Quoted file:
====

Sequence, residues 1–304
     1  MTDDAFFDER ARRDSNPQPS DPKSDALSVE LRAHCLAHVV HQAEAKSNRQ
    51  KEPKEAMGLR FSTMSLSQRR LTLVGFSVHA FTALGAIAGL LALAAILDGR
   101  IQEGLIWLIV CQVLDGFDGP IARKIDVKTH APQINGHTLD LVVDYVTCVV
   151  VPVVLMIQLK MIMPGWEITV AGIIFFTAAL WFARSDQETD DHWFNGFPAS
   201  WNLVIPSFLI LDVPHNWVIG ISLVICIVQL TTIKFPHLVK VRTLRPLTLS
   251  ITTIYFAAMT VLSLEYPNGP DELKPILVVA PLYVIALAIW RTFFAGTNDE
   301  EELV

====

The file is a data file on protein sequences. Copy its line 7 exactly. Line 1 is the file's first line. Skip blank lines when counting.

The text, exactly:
   251  ITTIYFAAMT VLSLEYPNGP DELKPILVVA PLYVIALAIW RTFFAGTNDE